Feature: Extreme poverty pushes homeless Gaza family to live on street

Source: Xinhua| 2018-02-16 19:49:00|Editor: Jiaxin
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GAZA, Feb. 16 (Xinhua) -- The 10-member family of Fadel al-Diri, a Palestinian homeless man in Gaza Strip, spent most of the cold days of winter in a small tent on a street's side.

Two weeks ago, al-Diri and his whole family were kicked out of their previous home after failing to pay the rent for five months.

Pitching a small shabby tent on the side of a street was al-Diri's only option to house his family.

"I cannot work since I suffer from diabetes, high blood pressure and paralysis in one of my legs," the 55-year-old man told Xinhua while sitting helplessly next to his tent.

Al-Diri said he could not afford to pay the rent for the original house owner due to his catastrophic financial conditions.

"Putting my family in a tent on the street was an option...I thought this may lead some wealthy people to help me," he explained in pain.

Gaza has been placed under a tight Israeli blockade since the Islamic Hamas movement seized the territory by force after routing forces loyal to President Mahmoud Abbas in 2007.

In the past six years, Israel and Hamas have been engaged in three major wars that have claimed the lives of thousands of Palestinians and Israelis.

The blockade has pushed Gaza's 2 million population deeper into poverty as unemployment rates has hit 45 percent, according to official figures.

Over 60 percent of Palestinian residents in Gaza are living in food insecurity as many rely on foreign food aid, according to international organizations and United Nations agencies.

A recent World Bank report also said the Gaza Strip ranks third across the Arab region in terms of poverty rates after Sudan and Yemen.

Al-Diri and his family spend the whole day in front of their tent, in hope to attract attention and win sympathy and help from the generous passersby.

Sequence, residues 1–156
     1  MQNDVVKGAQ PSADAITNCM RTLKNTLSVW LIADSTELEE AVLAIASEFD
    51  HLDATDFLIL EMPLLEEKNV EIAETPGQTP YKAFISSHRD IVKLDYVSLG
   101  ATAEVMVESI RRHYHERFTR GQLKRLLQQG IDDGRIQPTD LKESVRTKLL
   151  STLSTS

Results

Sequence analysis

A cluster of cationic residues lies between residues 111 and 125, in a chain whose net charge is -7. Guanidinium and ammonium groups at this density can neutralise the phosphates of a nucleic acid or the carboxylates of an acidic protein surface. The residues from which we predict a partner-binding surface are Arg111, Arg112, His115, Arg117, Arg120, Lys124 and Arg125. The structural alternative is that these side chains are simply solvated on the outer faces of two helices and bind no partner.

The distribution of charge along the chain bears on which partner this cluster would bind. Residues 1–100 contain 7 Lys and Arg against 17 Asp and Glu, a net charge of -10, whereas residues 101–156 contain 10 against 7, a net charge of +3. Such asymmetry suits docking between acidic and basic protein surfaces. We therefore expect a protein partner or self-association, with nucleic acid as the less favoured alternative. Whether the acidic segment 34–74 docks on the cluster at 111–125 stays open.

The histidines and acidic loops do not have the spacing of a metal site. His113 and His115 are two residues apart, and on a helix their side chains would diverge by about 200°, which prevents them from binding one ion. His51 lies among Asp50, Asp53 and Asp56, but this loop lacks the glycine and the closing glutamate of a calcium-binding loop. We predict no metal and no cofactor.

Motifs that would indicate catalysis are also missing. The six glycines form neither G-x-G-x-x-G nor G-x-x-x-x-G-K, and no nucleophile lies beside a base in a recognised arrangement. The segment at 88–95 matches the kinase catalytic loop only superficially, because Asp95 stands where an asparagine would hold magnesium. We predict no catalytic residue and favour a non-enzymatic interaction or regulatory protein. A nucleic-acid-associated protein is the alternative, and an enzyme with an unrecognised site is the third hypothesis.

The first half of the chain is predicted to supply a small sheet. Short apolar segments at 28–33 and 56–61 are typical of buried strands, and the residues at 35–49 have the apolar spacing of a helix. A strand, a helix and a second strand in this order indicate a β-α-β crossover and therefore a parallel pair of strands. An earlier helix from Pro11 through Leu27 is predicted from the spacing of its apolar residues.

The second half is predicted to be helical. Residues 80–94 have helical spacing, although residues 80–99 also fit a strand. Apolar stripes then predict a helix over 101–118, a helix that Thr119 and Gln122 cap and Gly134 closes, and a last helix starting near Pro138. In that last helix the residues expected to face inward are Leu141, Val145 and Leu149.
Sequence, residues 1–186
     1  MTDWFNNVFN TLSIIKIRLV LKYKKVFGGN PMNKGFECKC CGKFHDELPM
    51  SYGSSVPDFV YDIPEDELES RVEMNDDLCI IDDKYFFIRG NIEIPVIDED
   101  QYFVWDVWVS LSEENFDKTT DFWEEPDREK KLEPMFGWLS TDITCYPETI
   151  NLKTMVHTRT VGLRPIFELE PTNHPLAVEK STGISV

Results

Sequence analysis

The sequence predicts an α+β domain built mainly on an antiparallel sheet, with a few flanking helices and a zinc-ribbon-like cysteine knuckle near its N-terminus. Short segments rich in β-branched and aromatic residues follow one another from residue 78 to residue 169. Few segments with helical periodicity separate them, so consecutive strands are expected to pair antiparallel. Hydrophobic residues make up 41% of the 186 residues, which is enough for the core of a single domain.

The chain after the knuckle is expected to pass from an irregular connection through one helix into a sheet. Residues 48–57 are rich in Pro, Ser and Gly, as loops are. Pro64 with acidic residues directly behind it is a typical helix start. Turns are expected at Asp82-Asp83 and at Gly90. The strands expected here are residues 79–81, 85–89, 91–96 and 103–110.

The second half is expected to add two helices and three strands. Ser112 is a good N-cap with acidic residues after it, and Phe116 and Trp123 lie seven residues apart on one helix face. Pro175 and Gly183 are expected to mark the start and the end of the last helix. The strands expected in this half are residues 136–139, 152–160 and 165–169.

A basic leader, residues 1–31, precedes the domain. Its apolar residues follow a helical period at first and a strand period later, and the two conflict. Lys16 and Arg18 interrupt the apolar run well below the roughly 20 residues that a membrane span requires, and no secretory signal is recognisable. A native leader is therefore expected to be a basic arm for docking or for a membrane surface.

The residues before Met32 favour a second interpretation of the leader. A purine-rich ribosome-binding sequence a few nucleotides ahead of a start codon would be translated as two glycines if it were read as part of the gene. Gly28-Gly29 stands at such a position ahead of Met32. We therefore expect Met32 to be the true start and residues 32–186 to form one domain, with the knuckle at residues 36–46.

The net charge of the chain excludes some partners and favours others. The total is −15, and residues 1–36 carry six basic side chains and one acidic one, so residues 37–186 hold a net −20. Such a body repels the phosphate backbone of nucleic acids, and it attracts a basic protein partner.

"Some people gave us meals," Al-Diri said as his barefoot kids play around. "We dream of a roof overhead."

Living on the street is a miserable experience for Al-Diri's family, especially for the children.

Al-Diri's 11-year old daughter, Nesma, recalled that she and her siblings once woke up at one night in panic after heavy rains flooded their tent.

She also had to quit school after losing her home. "We do not go to school now because this place is far away from our schools," Nesma said.

According to a recently launched aid campaign named "Save Gaza," the social and economic situation of the Gaza population is on the verge of collapse, due to high rates of poverty and unemployment.

The campaign says that three-quarters of the people of the Gaza Strip need emergency relief assistance, while 40 percent of children are suffering from anemia and malnutrition, and 50,000 people with disabilities are in dire need of medical treatment and rehabilitation.

The situation in Gaza is expected to further deteriorate in light of the reduced funding by the United States to the UN Relief and Works Agency (UNRWA) in Gaza.

The U.S. announced on Jan. 16 to cut 65 million U.S. dollars from 125 million dollars that it had planned to provide to the UNRWA in 2018. More than half of Gaza residents rely on the support from UNRWA and other humanitarian agencies.

The economic deterioration and the continued blockade have prompted many traders and businesses in Gaza to refrain from receiving goods from Israel, amid calls for urgent intervention by the international community to end the suffering of the Palestinians there.

The UN Security Council held a consultative session on Wednesday to discuss the deteriorating humanitarian situation in the Gaza Strip, following warnings of a possible collapse of basic services in the Palestinian war-torn enclave.